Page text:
My last post was quite a few months back, which as only become the norm now :-) Well, will pick up from where I left last time - arrival of TV in our house. The earliest memories associated with TV are watching Spiderman on Saturday evenings after school. Cartoons were a rare treat those days and the wait for a whole week to catch a new episode made it all the more worthwhile. Then there was the Chitrahar - bouquet of hindi film music over a 30 minute window - which also was eagerly awaited by all families. In these days and times of multiplicity in every conceivable type of TV channels - the charm of waiting and the eagerness seems to have been lost for ever :-(
The earliest soap operas on India Television initiated in those days of 80s...The first was was Humlog which seemed to go on for ever....3 years? 4 years? Can't remember so well any more. But many of the characters are still etched in my memory....Ashok kumar in his role as the "sutradhar"....his comments after every episode. Hum log was followed by Buniyaad, Khaandaan and then many many more. We had some exceptional comedy series like Idhar Udhar & Yeh Jo hai Zindagi....The characters still seem mint fresh in my mind and there is nothing on television these days which even compare to these.
Watching movie on Saturday & Sunday evenings on TV was also something that we used to look forward to eagerly.
Apart from TV, other means of entertainment included visiting relatives. We were staying in Barrackpore, which is in Bengal which is my home state and hence had many relatives staying around. My grandparents from Father's side (Dadu - Thamma) stayed nearby in Khardah. It is the same place we stayed for a few months before moving to Barrackpore, which I wrote about in some of my earlier posts. Then there were my jethus & kakus (father's brothers) and pishis (father's sisters)and also father's cousins and their families. On my mother's side, there were her uncles and aunts, her cousins and their families. We used to pay visit to one of or the other place pretty often - at least once in 2 weeks. Those days studies were never so demanding or tough as they are today....and it was always possible to finish off the homework and dash off to some relative's place or other !!!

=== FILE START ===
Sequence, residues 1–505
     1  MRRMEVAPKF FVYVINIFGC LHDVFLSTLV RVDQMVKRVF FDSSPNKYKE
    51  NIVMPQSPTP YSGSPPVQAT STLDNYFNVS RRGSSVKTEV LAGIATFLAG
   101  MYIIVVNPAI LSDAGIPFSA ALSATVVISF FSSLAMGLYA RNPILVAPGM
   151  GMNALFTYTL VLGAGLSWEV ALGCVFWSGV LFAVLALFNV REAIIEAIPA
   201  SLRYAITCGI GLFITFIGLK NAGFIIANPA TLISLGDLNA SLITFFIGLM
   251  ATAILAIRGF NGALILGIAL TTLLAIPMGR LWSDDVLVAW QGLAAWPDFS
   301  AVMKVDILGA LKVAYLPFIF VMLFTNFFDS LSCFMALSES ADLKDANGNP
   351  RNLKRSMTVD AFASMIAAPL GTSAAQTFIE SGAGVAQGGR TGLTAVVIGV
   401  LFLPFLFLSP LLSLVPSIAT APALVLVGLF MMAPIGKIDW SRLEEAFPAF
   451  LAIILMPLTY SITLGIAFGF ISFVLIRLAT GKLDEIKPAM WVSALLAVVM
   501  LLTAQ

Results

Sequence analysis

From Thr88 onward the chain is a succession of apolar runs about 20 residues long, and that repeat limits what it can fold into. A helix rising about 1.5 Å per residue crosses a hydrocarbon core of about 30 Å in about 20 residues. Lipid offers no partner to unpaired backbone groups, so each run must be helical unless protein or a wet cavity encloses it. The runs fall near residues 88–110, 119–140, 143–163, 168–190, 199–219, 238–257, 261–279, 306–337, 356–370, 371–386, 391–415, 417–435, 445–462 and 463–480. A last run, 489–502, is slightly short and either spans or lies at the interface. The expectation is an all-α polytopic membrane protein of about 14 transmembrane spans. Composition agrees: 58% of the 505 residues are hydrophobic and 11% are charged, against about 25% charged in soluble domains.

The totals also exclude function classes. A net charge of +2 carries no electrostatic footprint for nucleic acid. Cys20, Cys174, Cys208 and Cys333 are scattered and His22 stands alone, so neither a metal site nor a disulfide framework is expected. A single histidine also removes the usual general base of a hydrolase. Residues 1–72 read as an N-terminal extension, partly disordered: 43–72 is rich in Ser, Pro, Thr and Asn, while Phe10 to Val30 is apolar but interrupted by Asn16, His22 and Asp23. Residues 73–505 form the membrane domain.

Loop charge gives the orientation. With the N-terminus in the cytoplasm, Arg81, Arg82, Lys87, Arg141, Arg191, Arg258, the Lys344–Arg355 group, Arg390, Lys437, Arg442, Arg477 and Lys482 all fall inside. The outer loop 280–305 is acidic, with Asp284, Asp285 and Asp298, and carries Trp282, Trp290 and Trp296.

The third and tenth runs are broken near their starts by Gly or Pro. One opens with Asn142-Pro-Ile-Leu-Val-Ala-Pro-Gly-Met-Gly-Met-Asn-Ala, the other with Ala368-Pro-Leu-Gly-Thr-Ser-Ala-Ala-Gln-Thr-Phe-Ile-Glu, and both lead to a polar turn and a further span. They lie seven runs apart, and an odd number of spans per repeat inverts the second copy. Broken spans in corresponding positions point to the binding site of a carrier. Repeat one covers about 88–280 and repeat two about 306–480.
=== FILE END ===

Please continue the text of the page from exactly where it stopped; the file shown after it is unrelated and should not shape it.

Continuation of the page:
It is not that I enjoyed going to all these places...there were some those were my favourites and at other places I had no choice but to tag along :-) Well I was not so much of a social person and mostly an introvert who would rather sit in a corner with a book than strike up some conversation. One of the reasons for this behaviour is definitely my basic nature, which remains unchanged to this day. Only change I have succeeded is change the way I come across & interact in professional setup. On a personal level, I am still the same - the way I was as a 8 year old.
But there was another reason for my not being able to open up to the world. I was obese as a child from the time I was around 7 years to 12 years old and subject to taunts and comments from relatives & strangers alike. There were always unsolicited advice from everyone on what all I need to do to be like all other "normal" kids. The solutions ranging from eating less to jogging, yoga, running, skipping & what not. Though they might not have spoken out of any negative intention, but infringing on privacy is something that we Indians are known to do routinely without realising the effect it might have on the recipient. All of us have our weak points....things about which we ourselves are not too happy about, which we are trying to work on. Very rarely people are sensitive enough to realise this...
That was my first understanding of what it feels to be part of a "minority" community...people who can be identified among a crowd of "normal" people...Subsequently, as I grew up, though I lost most of the baby weight by the time I was 12 or 13, there were other reasons for me to part of this "not normal" community....the fact that I was not beautiful, or fair, or did not have long hair and then now being single in mid-thirties....